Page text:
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Malaysia Defense Minister Urges Border Peace

  • Chun Sakada
  • VOA Khmer

Malaysia's Defense Minister Ahmad Zahid Hamidi (L) shakes hands with Cambodia's Prime Minister Hun Sen during meeting at the Office of the Council of Ministers in Phnom Penh July 28, 2011.

Malaysia's Defense Minister Ahmad Zahid Hamidi (L) shakes hands with Cambodia's Prime Minister Hun Sen during meeting at the Office of the Council of Ministers in Phnom Penh July 28, 2011.

Malaysia’s defense minister met with his Cambodian counterpart this week, emerging from talks to express his hopes that the conflict on the Thai border will be resolved.

The International Court of Justice ruled earlier this month that Thailand and Cambodia should establish an Asean-observed demilitarized zone near Preah Vihear temple, around which deadly clashes have sporadically occurred since July 2008.

A July 18, 2011 sketch-map by the International Court of Justice shows an area around Cambodia's Preah Vihear temple and surrounding territories claimed by Thailand, which the Court identifies as a 'Provisional Demilitarized Zone.' The July 18 ruling is t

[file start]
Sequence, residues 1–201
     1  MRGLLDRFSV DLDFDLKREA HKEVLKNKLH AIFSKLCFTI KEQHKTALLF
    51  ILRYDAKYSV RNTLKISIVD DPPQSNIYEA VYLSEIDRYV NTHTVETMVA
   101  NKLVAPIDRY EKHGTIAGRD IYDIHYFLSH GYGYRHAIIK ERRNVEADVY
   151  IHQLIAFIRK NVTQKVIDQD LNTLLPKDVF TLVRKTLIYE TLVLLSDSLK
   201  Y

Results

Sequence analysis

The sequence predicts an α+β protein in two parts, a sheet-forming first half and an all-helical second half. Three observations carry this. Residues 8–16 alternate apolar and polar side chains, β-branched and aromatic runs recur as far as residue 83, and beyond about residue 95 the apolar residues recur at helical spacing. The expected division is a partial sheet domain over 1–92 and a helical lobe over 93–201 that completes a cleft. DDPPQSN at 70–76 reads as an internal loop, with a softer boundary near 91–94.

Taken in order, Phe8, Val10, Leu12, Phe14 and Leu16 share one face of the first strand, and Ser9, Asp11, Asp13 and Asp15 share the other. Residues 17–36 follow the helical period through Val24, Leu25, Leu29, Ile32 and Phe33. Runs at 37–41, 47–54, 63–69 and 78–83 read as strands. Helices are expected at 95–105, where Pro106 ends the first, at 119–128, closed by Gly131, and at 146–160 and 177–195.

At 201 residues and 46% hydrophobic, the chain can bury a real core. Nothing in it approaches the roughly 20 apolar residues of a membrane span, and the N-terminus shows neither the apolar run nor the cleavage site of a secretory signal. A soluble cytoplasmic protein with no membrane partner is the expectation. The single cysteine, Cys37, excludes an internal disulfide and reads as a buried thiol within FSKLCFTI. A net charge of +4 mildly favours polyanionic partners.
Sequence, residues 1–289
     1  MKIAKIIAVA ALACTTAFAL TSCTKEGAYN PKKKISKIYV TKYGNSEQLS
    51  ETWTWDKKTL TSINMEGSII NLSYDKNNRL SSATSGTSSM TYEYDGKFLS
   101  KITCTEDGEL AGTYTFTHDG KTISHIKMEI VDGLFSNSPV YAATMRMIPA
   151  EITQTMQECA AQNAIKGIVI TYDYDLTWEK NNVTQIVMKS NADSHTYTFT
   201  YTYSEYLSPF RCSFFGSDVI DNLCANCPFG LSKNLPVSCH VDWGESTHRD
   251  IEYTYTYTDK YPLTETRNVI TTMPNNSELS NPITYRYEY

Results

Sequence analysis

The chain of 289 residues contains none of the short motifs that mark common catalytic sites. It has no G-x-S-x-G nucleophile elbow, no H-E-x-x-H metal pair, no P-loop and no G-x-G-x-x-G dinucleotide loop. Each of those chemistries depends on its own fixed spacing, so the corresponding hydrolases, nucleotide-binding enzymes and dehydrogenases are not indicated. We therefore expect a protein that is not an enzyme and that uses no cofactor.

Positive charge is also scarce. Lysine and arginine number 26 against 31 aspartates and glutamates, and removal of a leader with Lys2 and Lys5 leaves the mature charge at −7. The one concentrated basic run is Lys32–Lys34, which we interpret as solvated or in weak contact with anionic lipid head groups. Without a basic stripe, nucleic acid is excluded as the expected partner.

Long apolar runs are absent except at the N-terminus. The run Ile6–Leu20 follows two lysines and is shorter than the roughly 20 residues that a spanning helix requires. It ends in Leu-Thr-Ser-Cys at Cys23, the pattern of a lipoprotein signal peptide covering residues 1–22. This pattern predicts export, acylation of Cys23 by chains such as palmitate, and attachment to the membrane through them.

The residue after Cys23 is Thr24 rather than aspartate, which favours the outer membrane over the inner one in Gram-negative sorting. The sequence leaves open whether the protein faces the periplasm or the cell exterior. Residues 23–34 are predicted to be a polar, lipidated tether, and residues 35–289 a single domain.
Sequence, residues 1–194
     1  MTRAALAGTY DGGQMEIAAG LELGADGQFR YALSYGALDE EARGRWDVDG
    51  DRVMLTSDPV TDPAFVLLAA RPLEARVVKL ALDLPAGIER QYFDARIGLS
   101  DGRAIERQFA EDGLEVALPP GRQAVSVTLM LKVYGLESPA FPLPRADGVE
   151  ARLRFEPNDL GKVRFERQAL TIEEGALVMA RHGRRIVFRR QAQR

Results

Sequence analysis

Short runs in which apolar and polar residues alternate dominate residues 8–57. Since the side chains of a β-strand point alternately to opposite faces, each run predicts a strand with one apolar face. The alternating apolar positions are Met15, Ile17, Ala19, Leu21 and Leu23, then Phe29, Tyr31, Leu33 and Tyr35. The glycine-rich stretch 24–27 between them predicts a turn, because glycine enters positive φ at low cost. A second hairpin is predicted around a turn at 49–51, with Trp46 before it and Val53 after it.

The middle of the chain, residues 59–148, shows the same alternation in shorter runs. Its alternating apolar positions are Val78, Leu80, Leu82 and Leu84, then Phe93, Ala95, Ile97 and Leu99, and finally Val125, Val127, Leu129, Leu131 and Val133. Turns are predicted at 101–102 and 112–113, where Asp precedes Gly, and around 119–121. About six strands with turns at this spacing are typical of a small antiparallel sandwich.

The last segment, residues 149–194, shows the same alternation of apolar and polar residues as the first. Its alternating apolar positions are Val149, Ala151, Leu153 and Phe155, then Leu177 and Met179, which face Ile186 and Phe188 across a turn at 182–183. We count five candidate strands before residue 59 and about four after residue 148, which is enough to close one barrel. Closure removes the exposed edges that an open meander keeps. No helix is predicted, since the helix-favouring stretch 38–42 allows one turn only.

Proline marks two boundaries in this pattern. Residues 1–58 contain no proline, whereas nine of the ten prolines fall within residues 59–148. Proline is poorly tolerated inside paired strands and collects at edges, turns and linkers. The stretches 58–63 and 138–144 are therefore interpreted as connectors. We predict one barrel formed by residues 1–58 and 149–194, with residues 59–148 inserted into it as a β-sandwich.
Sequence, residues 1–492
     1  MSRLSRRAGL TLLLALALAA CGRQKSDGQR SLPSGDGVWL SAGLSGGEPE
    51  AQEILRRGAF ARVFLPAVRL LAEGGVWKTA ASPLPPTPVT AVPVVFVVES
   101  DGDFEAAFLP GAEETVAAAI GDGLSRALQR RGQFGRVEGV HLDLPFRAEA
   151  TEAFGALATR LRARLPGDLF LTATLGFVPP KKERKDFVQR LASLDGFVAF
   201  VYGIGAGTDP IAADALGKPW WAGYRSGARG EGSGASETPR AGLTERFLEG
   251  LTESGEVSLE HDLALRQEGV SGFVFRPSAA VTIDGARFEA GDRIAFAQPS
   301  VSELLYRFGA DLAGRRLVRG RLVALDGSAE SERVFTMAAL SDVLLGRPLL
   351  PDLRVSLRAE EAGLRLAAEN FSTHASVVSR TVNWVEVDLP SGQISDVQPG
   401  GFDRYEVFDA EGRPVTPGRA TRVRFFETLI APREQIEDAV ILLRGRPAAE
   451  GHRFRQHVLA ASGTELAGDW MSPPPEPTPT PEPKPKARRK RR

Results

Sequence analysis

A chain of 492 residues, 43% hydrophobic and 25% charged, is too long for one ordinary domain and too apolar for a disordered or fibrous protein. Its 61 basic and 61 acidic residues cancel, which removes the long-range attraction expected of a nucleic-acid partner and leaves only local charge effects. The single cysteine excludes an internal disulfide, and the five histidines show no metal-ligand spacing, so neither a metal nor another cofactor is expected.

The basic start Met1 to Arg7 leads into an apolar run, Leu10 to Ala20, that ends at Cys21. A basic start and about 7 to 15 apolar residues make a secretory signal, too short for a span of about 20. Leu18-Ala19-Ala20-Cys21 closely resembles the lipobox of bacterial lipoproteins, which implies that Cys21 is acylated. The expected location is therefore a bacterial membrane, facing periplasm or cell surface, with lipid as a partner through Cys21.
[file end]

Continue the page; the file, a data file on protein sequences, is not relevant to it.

A July 18, 2011 sketch-map by the International Court of Justice shows an area around Cambodia's Preah Vihear temple and surrounding territories claimed by Thailand, which the Court identifies as a 'Provisional Demilitarized Zone.' The July 18 ruling is t

Malaysian Defense Minister Ahmad Zahid Hamidi told reporters Thursday that the court’s judgment served as an opportunity for Asean to help bring peace to the border conflict.

“We would like to congratulate both countries, Cambodia and Thailand, for being given the opportunity to maintain peace and stability,” he said.

Implementation of the court’s decision has stalled, however, with Thailand yet to establish a government following July elections.

Indonesia, as head of Asean, is waiting to send an observer mission to the border, as called for by the international court. Hamidi said Indonesia is now working on a plan for the mission.

Thailand, meanwhile, is seeking a bilateral meeting with Cambodia through a border committee to move a troop withdrawal forward, the Bangkok Post reported Thursday.

However, Chhum Socheath, a spokesman for the Cambodian Ministry of Defense, said a bilateral meeting at this stage “cannot work,” and such talks must now include Asean.

“Thailand must respect the decision of the International Court of Justice,” he said.

The border remains a contentious issue for both sides. Thailand’s governmental human rights body said Friday it would begin investigation into allegations of more than 20 extrajudicial killings of Cambodian civilians along the border over the last four years.

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